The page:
On December 21, 2018, the U.S. Food and Drug Administration (FDA) approved Inbrija, an inhaled levodopa powder, for "off" episodes in people with Parkinson's disease treated with levodopa/carbidopa. The Michael J. Fox Foundation funded early clinical trials of this therapy, the first to reach market approval with early de-risking from our Foundation.
Read more on this therapy below and in a press release from Acorda Therapeutics, Inc. We'll share more in the coming weeks on the impact of this new medication for people with Parkinson's and on our Foundation's role in its development.
UPDATE September 13, 2018: Acorda Therapeutics, Inc today announced that the FDA has extended its decision date on inhaled levodopa to January 5, 2019. According to a press release, the extension is related to submission of additional information on the drug’s chemistry and manufacturing that will take additional time for the FDA to review.
POSTED February 20, 2018: Today, Acorda Therapeutics, Inc. announced that the FDA filed its New Drug Application (NDA) for inhaled levodopa. (If approved, the drug will be called Inbrija.) This is the last step in the lengthy drug development and approval process. Now, the FDA reviews everything that is known about inhaled levodopa -- clinical trial data, how the drug works and how it's made. This review process is how the FDA determines whether to approve a new therapy, and Acorda expects a decision no later than October 2018.
Inhaled levodopa is a potential new way to treat "off" times -- periods when Parkinson's symptoms, such as tremor, slowness and stiffness, emerge because medication isn't working well. These "off" times can come on gradually, before it's time to take the next medication dose, or unexpectedly and unpredictably. Inhaled levodopa is an add-on, as needed medication for people who are already taking levodopa drugs, such as Sinemet, but are experiencing "off" times. Some liken inhaled levodopa to the asthma medication inhaler. People with asthma may take a puff from an inhaler when they have trouble breathing. Similarly, some with Parkinson's may soon be able to take a breath of levodopa when they have trouble moving.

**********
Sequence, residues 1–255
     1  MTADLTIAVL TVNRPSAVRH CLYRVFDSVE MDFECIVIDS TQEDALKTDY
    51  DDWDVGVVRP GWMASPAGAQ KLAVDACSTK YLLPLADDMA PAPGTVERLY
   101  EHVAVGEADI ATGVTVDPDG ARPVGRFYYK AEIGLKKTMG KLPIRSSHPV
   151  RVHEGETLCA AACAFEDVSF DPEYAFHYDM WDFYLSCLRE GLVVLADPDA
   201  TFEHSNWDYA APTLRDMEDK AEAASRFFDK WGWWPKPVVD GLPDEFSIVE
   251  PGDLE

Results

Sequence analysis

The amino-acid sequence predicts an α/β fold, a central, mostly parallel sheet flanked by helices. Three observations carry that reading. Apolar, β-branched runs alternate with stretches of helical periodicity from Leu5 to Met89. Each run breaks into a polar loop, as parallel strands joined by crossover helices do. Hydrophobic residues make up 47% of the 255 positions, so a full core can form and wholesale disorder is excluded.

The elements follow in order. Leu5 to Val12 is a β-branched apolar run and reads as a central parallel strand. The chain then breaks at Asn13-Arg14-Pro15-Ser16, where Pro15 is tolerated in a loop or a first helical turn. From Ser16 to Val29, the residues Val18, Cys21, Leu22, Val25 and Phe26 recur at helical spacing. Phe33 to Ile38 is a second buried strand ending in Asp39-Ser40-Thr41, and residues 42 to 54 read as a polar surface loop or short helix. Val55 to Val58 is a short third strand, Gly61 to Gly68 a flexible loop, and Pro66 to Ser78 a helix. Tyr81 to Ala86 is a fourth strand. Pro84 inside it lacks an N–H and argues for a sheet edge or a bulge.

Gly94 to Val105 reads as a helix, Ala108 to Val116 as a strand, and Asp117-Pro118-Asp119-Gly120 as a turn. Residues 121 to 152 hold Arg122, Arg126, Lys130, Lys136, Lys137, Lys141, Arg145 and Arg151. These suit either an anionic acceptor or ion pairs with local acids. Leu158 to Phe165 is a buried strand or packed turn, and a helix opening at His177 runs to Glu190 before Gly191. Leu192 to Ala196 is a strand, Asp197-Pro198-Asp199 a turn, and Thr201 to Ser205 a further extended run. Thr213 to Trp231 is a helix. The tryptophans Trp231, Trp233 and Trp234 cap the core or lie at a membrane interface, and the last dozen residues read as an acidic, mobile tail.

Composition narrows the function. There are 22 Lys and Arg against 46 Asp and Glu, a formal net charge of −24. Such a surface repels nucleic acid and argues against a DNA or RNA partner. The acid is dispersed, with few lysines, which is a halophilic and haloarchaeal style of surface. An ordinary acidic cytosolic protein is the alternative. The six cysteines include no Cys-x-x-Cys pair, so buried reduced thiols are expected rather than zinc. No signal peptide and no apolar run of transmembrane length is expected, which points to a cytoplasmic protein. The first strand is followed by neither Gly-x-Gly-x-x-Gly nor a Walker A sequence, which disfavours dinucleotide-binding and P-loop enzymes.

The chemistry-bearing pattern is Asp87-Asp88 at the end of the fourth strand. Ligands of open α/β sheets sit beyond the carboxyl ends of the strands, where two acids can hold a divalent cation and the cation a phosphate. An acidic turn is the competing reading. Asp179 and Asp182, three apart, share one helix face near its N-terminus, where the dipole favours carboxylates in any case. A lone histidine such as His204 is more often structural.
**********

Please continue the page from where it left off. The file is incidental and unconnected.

"People with Parkinson's and physicians need more options to manage this disease," says Todd Sherer, PhD, CEO of The Michael J. Fox Foundation. "Inhaled delivery of levodopa could help the many people living with Parkinson's facing the complication of 'off' periods as their disease progresses."
The Michael J. Fox Foundation funded Phase I and II studies of inhaled levodopa.
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